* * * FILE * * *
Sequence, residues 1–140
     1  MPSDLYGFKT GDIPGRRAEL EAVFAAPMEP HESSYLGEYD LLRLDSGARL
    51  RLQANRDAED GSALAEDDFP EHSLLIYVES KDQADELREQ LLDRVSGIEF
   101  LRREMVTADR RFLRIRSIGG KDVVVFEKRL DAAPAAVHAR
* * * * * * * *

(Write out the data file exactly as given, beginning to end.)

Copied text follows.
Sequence, residues 1–140
     1  MPSDLYGFKT GDIPGRRAEL EAVFAAPMEP HESSYLGEYD LLRLDSGARL
    51  RLQANRDAED GSALAEDDFP EHSLLIYVES KDQADELREQ LLDRVSGIEF
   101  LRREMVTADR RFLRIRSIGG KDVVVFEKRL DAAPAAVHAR